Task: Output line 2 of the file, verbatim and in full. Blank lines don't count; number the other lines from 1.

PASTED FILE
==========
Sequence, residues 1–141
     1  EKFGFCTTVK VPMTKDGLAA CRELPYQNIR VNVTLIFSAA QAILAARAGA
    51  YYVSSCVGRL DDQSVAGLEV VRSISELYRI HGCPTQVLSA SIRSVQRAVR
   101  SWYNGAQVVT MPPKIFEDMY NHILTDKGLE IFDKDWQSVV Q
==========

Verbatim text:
     1  EKFGFCTTVK VPMTKDGLAA CRELPYQNIR VNVTLIFSAA QAILAARAGA